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Ernest Crosby, Garrison the non-resistant, Chapter 10: Garrison and the Civil war (search)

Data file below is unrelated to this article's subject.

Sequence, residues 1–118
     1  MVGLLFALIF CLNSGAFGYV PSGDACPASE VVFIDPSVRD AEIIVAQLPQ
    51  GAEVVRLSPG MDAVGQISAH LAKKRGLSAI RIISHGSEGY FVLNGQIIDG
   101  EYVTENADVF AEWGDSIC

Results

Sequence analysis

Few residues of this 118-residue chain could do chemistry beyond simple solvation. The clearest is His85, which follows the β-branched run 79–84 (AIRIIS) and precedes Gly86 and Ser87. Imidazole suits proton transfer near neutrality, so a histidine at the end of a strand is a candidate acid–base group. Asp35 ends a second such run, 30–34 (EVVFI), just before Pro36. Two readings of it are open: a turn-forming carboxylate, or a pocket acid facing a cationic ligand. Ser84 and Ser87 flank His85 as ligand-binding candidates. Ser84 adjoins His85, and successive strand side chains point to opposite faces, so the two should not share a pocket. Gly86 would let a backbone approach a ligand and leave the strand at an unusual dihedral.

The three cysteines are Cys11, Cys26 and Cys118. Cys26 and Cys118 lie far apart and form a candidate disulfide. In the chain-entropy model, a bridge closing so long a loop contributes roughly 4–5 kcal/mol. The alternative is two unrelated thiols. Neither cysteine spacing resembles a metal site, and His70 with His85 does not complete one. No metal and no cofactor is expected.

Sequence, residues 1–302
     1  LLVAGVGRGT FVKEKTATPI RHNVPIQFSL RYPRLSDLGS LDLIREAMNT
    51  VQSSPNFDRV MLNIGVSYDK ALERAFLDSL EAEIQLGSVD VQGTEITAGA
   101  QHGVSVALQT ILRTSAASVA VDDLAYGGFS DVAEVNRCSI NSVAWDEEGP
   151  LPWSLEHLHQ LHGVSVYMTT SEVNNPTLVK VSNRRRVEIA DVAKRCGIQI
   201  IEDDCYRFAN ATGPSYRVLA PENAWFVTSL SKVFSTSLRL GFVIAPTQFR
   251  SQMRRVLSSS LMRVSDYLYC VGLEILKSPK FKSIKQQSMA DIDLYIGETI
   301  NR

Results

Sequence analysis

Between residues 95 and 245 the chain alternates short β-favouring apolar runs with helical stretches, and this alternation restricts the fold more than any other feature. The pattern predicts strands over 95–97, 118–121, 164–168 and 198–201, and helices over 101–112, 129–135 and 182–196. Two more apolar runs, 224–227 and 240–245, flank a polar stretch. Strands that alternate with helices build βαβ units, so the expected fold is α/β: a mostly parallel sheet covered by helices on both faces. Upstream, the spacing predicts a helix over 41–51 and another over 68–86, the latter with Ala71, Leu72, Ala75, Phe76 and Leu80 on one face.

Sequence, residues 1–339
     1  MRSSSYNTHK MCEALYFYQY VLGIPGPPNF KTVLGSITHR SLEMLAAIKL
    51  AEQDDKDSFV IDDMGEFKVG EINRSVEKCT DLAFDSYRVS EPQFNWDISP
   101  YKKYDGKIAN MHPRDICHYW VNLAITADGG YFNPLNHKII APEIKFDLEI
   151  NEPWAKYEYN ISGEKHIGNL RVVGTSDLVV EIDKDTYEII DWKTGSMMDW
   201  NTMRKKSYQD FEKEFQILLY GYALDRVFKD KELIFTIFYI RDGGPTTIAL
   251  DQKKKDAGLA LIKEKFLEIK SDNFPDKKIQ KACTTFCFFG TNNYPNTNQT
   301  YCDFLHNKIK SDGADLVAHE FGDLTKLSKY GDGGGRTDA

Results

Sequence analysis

uld not be employed in the North in raising wheat as well as in the South in raising cotton, except that the Northerners did not want them, and heredity as well as climate goes to account for the difference. Mr. Simons himself quotes from the work of an ante-bellum author a reference to German settlers who, true to their national instincts, will not employ the labor of a slave. And in fine, as if to show how little he is convinced by his own arguments, Mr. Simons says of this same volume (Helper's Impending crisis ), This book had a most remarkable circulation in the years immediately preceding the war, and probably if the truth — as to the real factors which made public opinion could be determined, it had far more to do with bringing on the Civil War than did Uncle Tom's Cabin --which involves an admission as to the latter book as well as to the former. Books and arguments and ideals had their leading part to play in the abolition of slavery, and the very adversaries of the belief